Readers like you keep news free for everyone.

More than 5,000 readers have already pitched in to keep free access to The Journal.

For the price of one cup of coffee each week you can help keep paywalls away.

Support us today
Not now
Dublin: 21°C Monday 8 August 2022
Advertisement

Could a new Civil Law bill make us nicer people?

New legislation published by Alan Shatter will give legal protection to citizens acting as ‘Good Samaritans’.

Image: btaroli via Flickr

A NEW BILL published by justice minister Alan Shatter today could help to make Irish citizens more charitable people.

The Civil Law (Miscellaneous Provisions) Bill 2011 updates 15 previous laws which have become outdated over the years – and includes a safeguard of the legal rights of so-called ‘Good Samaritans’.

Good Samaritan laws give legal protection to people who assist an injured bystander – aiming to encourage more charitable behaviour in those who come across accident scenes and so on.

Currently, however, Ireland has no such laws – meaning that a person who tries to assist someone else in peril, whether a crime victim or involved in an accident, may be legally liable for that person’s injuries.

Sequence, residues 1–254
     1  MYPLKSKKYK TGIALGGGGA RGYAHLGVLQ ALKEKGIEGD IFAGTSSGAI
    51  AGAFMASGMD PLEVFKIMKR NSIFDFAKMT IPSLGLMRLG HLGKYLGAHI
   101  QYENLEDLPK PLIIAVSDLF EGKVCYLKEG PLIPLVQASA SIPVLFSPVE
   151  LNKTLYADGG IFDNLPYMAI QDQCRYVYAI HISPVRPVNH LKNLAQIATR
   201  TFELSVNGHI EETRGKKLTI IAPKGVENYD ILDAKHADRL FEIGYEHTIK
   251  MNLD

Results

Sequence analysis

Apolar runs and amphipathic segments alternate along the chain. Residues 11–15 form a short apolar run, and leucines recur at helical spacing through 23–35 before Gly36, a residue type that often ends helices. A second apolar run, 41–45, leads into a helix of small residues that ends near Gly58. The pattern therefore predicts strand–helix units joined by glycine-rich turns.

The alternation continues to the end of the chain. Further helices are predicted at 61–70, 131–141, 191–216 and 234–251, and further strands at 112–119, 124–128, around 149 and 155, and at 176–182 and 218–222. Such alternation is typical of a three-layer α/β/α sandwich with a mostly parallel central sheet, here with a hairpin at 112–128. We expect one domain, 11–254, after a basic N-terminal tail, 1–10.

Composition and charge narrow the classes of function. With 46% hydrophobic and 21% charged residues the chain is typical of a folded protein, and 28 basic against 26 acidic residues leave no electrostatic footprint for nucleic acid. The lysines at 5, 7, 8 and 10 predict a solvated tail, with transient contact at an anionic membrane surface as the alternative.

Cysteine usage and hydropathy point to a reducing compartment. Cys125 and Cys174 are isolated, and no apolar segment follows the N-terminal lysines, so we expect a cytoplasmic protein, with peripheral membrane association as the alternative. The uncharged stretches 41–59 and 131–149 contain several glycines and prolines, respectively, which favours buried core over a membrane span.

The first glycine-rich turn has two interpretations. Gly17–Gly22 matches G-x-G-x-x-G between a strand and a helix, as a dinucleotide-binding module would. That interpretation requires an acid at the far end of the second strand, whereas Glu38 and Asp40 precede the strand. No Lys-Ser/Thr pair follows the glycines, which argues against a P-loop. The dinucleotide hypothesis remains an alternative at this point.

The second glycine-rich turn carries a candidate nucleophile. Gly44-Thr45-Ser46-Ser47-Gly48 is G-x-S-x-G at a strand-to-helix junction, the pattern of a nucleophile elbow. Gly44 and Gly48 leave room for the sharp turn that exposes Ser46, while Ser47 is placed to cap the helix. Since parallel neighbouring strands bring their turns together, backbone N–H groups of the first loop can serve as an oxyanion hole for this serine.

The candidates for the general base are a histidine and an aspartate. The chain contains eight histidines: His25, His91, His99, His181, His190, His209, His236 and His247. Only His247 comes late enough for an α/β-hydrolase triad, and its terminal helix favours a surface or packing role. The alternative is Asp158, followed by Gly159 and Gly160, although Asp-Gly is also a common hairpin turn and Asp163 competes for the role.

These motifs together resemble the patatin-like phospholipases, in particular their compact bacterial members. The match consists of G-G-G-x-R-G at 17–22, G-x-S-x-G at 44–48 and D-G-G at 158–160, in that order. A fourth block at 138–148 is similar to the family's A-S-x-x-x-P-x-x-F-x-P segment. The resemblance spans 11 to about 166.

The Department of Justice explained that the law would “provide protection from liability for persons… who act in good faith, without expectation of payment or reward, and in a way that does not constitute gross negligence, to provide assistance, advice or care during an accident or emergency.”

The enshrining of a new Good Samaritan law comes on the back of a 2009 report from the Law Reform Commission, which found major shortcomings in Ireland’s legal protection for well-meaning citizens.

Making a difference

A mix of advertising and supporting contributions helps keep paywalls away from valuable information like this article.

Over 5,000 readers like you have already stepped up and support us with a monthly payment or a once-off donation.

For the price of one cup of coffee each week you can make sure we can keep reliable, meaningful news open to everyone regardless of their ability to pay.

The Irish courts have previously established that there are some ‘special relationships’ in which a someone has a legal duty to intervene and rescue.

Examples of these relationships include those between a parent and child, an employer and an employee, a hotelier and a resident, or a transport carrier and their passenger.

About the author:

Gavan Reilly

Read next:

COMMENTS (2)